Chapter 2: Locating information
2.4 Google Scholar
Google Scholar is similar to Google except that it typically excludes non-scholarly web content because its primary purpose is to find scholarly materials. These include journal articles, books, patents, legal documents, reports, and more. However, there’s no easy way to separate journal articles from other resources covered by Google Scholar, including some digitized books and scholarly websites. You may also find things you wouldn’t expect like course syllabi and PowerPoint slides.
One of the most important things to understand about Google Scholar is where its content comes from because that determines if and how you can access it. Much of the material you find there comes directly from the open web. For example, it’s common to see pdf files from researchers’ websites, open access articles, and similar links in your Google Scholar search results. These types of materials are available to anyone, anywhere. You shouldn’t have to log in to any website or database to access these materials.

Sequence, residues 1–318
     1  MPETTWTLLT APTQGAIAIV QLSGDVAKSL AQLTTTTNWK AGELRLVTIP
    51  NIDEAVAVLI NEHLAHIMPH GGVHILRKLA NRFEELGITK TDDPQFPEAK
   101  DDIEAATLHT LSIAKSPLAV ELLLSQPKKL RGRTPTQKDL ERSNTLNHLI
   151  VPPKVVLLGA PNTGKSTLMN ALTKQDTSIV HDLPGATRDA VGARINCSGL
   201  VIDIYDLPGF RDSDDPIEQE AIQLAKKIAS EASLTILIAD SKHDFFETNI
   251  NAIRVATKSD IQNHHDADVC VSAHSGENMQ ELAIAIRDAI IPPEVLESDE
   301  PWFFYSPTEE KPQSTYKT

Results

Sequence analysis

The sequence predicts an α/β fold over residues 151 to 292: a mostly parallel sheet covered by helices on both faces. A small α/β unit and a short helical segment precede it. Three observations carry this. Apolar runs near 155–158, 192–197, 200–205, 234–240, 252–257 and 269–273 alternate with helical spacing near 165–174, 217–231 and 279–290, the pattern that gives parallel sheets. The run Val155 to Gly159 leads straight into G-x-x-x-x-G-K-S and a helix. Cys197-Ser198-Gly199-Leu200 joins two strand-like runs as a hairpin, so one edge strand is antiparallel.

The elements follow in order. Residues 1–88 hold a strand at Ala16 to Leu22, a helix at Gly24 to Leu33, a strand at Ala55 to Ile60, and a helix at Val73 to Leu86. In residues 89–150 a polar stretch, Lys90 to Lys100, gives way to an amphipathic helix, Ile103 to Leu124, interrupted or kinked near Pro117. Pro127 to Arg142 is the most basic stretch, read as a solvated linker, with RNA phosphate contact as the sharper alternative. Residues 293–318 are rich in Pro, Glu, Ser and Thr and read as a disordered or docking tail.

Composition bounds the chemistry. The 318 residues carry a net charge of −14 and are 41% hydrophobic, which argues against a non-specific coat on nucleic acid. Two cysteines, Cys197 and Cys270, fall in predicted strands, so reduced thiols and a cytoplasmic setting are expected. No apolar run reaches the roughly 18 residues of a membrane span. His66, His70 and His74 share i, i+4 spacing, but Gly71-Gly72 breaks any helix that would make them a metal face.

Mixed in with these open web materials, you’ll also find paywalled materials, including subscription journal articles and e-books. In most cases you can still access these, though it may take a few steps. Google Scholar has a feature that provides members of the ISU community with links for materials covered by ISU subscriptions. To set this up, follow the steps on the Google Scholar Library Guide. Below are some strengths and weaknesses to consider when using Google Scholar.
Strengths and weaknesses of Google Scholar
- Simple to search and mobile-friendly
- A good choice if you have a partial citation, missing some information on a specific item
- Can find free versions of articles, although most items will not be free to access by default
- Can be linked to the ISU Library for greater access to subscription-only content
- Difficult to focus or refine your search
- Finds things that are not journal articles, even when you limit your search to articles only
- Lists older articles before newer ones that haven’t been referenced as frequently yet